Do You Need a Pet? It’s a Big Fat Yes for People Who Want Better Mental Health

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Self-care is a broad topic that encompasses the physical, mental, emotional, and even spiritual state of a person. Since the COVID-19 pandemic began, people have been eager to make changes that could improve their overall well-being as a means to cope with the new normal, but specifically their mental health. It wouldn’t be unusual if 2021 finds you with a new diet, a better exercise regimen, a daring haircut, and an elaborate nighttime routine. If you’ve ticked off these items and are still looking to try new things, perhaps you should consider spending more time with animals.

It’s a challenging thing to do, especially if you’ve never been fond of them in the first place. Research after research has shown, however, that bonding with animals offers a myriad of mental health benefits that warrant your serious attention.

What You Can Look Forward To

It’s no accident that more people have pets in their homes since the pandemic started. They’re not limited to dogs and cats, too. There is a surge of families and individuals bringing home aquariums, birds, and hamsters, among others.

In general, this could be attributed to the deeper need for companionship during quarantine and social distancing. Dogs are known to motivate people to exercise, which then pulls them out of their sedentary lifestyles. Cats, too, require play and attention, and they reward you with sweet gestures you can’t ignore. Even a pet fish can provide the feeling that you are needed and, therefore, important. Their overall reliance on you for their survival urges you to be more responsible, aware, and grounded in the present to meet their needs.

Furthermore, they give your days more structure. Animals operate like clockwork, meaning that they expect activities to be done at the same time daily. This will reinforce your routine and give you a sense of purpose even when you haven’t accomplished much for the day.

Choosing the Right One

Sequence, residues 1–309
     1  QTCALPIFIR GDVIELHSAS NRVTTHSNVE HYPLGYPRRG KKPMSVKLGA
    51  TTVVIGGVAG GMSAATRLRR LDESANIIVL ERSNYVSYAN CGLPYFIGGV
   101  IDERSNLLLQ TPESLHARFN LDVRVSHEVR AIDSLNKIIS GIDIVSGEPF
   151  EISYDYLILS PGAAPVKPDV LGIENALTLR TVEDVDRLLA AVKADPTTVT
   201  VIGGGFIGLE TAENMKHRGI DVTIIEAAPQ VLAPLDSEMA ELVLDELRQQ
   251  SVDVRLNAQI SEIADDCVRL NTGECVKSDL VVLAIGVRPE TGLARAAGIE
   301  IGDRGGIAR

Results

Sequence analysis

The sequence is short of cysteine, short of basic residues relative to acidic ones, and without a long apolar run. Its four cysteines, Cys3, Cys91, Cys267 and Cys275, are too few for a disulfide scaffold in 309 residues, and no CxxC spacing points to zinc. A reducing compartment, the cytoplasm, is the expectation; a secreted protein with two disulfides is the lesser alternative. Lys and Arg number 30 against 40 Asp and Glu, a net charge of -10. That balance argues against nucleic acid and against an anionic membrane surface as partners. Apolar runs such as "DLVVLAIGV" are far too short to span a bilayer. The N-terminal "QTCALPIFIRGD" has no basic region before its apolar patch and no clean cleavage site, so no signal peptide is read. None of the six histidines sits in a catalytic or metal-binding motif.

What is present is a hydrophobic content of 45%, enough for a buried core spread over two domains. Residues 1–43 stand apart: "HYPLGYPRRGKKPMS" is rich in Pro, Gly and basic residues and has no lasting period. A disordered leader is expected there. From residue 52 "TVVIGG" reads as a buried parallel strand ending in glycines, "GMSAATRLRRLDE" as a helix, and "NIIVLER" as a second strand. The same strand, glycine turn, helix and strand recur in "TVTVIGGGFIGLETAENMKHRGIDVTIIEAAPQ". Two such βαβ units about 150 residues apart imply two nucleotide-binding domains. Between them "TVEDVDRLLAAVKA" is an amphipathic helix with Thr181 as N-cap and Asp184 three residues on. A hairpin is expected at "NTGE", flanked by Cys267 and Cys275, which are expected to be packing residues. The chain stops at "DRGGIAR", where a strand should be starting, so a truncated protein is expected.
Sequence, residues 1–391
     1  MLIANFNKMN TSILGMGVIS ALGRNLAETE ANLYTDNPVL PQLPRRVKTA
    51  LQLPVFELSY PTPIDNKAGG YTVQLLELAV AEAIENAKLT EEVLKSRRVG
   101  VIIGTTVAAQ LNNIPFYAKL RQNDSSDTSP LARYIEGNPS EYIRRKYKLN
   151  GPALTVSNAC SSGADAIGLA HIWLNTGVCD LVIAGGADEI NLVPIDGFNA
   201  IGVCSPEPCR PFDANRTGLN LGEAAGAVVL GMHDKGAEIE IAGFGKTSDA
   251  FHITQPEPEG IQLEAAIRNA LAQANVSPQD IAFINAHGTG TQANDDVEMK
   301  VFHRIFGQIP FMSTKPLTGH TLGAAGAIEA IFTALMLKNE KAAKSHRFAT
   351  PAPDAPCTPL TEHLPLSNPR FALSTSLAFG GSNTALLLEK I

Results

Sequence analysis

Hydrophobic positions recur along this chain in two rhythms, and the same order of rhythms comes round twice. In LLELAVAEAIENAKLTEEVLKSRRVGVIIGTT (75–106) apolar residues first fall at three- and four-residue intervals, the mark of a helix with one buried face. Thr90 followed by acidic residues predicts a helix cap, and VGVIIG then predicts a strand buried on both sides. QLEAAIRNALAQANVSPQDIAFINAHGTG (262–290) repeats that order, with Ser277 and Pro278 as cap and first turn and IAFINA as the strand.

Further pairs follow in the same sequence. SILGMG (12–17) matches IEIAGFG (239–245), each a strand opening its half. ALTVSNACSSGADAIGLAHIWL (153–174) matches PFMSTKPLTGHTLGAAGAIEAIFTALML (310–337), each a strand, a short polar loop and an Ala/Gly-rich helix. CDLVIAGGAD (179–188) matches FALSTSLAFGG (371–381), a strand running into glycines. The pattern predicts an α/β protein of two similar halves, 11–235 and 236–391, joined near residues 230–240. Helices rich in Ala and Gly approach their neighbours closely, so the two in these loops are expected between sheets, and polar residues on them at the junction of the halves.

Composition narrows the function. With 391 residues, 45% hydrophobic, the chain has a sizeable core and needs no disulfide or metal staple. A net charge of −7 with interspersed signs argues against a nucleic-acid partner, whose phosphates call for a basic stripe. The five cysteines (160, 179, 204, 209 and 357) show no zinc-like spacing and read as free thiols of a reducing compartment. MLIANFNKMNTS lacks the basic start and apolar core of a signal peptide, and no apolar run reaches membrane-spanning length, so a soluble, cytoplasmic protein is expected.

The degree to which a pet will benefit you depend mostly on acquiring the right one. So, how do you choose the pet that suits you best? Don’t decide just based on your gut feel. There are tons of considerations to make, including the size of your home, specifically your outdoor space.  You should also be realistic about the activities you can perform, as this is crucial if you can get active pets like dogs.

Do you have sufficient time in your day to feed, groom,  and play with them? There are low maintenance pets like cats, turtles, butterflies, and hamsters for those who are regularly preoccupied with their work and other obligations. You should research your options well and refrain from overestimating your capacity to care for these animals, as their lives are in your hands the moment you decide to take them home.

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Finally, do you have the money to splurge on their veterinary visits, food, water, toys, and accessories? Perhaps you live in the countryside, and you decide to get a horse. You need to research whether the budget you have in mind suffices for hay, mineral supplements, dentistry, and core vaccinations. There are also supplies like horse reins, saddle pads, boots, and similar equipment. If you’re up for the financial challenge they bring, then you may be rewarded with a companionship that will give you more than you expect.

If You Can’t Bring Home A Pet

There are many reasons you may not be able to bring home a pet. Apart from possible financial issues, you could be living in a neighborhood or apartment complex that doesn’t favor animals. In this case, you can look for alternatives like dog-sitting and volunteering for shelters. Feed stray cats in your neighborhood and visit farms.

You’ll find many organizations looking for people to play with pets, walk their dogs, or help out in rescuing abused animals. Rescue centers are often in need of people who can go to their facilities so that the animals can be socialized and treated for their trauma.

If foster caring is within your capacity, connect with people and groups who can teach you how to get started. Since the animal won’t be with you long-term, it may be easier to persuade your landlord to give their permission.

Gearing Up for Ownership

Allot time to prepare for possible pet ownership. There are equipment and supplies you need to purchase before bringing home a cat, dog, and other types of animals, as it can pose a lot of inconveniences when you do so unprepared.

Finally, talk to other owners so that you have the right expectations. Caring for any animal is not always fun, as it’s a serious responsibility that involves training, grooming, and other tedious work. The good news is that when you get the hang of it, you’ll better appreciate the mental health benefits they bring.

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